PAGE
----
HMRC to be reinstated as a secondary preferential creditor from 2020

Nestled amongst a raft of incentives to tackle tax evasion in Philip Hammond’s third Budget Report, was the announcement that Her Majesty’s Revenue and Customs (HMRC) will once more become a secondary preferential creditor in businesses insolvencies from 2020. The decision has been met with much scepticism, with the chief concerns being that ordinary suppliers and SMEs, who will be pushed down the pecking order, will be left out of pocket and the wider concern that it will deter banks from lending to companies.

Historical position

These concerns were among the considerations which led to the abolition of HMRC’s preferential status in insolvencies. The Insolvency Act 1986, had afforded HMRC preferential status in respect of PAYE, CIS and NICs, arising in the year prior to insolvency, and VAT arising in the six months prior to the insolvency. This position was paralleled only by particular debts to employees of certain businesses, and ranked ahead of the interests of floating charge securities and unsecured creditors, which safeguarded a substantial recovery for HMRC in business insolvencies with little fuss.

Galvanised, however, by a desire to secure higher dividends for trade creditors and a hope that it would encourage HMRC to take a more active role in business rescue, the government, by virtue of the Enterprise Act 2002, removed HMRC as preferential creditor, leaving them equal to unsecured creditors. This simultaneously reinforced the UK’s framework for salvaging floundering businesses and, at a time when businesses were borrowing an increasing amount, significantly reduced the amount likely to be recovered by HMRC.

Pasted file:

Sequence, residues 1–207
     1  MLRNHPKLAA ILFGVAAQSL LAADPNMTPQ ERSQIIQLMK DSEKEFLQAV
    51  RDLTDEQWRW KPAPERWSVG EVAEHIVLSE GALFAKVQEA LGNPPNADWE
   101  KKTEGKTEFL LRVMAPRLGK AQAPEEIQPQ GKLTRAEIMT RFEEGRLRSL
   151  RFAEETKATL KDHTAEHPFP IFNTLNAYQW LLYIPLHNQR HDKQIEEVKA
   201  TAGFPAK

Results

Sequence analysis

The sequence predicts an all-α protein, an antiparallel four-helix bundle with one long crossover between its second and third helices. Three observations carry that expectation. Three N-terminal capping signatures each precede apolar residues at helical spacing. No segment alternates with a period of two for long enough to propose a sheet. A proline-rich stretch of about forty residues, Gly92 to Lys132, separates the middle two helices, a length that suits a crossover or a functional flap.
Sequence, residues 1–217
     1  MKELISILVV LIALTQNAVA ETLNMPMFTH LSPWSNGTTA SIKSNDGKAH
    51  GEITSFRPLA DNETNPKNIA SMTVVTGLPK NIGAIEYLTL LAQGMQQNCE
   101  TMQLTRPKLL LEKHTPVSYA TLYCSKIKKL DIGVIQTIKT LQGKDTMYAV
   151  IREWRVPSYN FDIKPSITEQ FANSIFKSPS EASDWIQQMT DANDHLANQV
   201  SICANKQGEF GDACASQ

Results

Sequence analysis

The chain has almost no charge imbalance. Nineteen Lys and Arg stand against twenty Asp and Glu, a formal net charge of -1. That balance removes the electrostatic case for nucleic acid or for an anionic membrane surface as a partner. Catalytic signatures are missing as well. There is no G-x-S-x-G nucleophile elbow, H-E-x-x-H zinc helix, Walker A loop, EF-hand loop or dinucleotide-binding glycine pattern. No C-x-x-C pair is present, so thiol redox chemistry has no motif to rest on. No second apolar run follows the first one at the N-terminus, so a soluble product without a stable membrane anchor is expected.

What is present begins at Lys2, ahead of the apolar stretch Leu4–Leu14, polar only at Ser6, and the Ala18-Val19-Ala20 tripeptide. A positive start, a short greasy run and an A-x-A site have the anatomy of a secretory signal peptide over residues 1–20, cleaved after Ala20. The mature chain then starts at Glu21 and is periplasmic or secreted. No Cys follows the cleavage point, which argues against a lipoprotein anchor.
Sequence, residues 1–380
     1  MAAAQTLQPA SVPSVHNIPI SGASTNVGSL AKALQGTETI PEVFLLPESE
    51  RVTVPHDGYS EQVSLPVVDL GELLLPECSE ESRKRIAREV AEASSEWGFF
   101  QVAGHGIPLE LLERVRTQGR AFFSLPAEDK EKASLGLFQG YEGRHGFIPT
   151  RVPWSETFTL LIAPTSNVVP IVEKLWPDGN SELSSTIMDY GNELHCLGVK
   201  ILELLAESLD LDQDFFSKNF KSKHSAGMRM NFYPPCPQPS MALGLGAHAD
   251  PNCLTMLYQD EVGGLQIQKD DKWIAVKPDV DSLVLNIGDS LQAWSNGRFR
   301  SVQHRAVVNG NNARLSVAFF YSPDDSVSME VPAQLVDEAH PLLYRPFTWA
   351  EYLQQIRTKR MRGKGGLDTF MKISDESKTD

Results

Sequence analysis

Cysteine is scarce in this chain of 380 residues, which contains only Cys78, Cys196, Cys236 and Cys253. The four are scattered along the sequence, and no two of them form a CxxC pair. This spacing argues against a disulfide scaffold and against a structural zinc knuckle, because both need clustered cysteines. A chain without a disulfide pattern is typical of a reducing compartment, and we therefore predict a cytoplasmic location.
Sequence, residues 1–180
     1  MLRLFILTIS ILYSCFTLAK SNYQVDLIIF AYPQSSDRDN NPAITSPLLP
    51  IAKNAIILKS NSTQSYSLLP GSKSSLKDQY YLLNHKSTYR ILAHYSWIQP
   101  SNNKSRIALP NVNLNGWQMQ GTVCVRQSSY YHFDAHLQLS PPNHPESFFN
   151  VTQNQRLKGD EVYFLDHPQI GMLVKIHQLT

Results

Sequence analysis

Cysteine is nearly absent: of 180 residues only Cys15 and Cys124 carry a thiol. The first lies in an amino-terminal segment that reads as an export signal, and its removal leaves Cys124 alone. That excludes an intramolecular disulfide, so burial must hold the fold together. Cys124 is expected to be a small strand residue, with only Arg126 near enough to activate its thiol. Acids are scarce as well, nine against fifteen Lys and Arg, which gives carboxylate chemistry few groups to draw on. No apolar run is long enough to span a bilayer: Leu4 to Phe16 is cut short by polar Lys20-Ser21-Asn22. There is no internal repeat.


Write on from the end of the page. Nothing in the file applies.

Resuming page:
Why is it being reinstated?

This announcement has caused many to wonder why then, after a 16 year hiatus, HMRC are being awarded this considerable advantage in insolvency matters. The impetus of this historic change is, according to the Chancellor, “to ensure that tax which has been collected on behalf of HMRC is actually paid to HMRC”. Indeed, the Treasury has estimated that £185 million in taxes already paid each year, will reach the government as a direct result of this reversion to HMRC’s previous position.

The true motivation of this restoration is clear once the proposal is read in the wider context of the 2018 Budget which seeks to address tax avoidance, keep taxes low and crucially, provide additional funds to government departments to prepare for the UK’s departure from the EU. By providing HMRC with a preferential status in business insolvencies, it assures that it will receive a cash injection, in a sum much greater than under the previous regime whereby their entitlement would have been much reduced by higher ranking creditors.


This change will not be welcomed by floating charge holders who, finding themselves pushed further down the recoveries list, will see the value of their securities further eroded.

Naturally, any disturbance to the status quo will always be met with concern, but it is important to maintain perspective. This change will only be a partial reinstatement, as it will only apply to taxes held by companies on behalf of employees and customers (such as VAT, income tax and NICs). Implementation will also be subject to a consultation, providing the market with ample time to digest this currently unpalatable change.

Just as the balance tipped in favour of the trade creditors following the elimination of preferential status in 2002, the pendulum swings back, reinstating HMRC’s privileged position, what now remains to be seen is whether the market concerns are justified.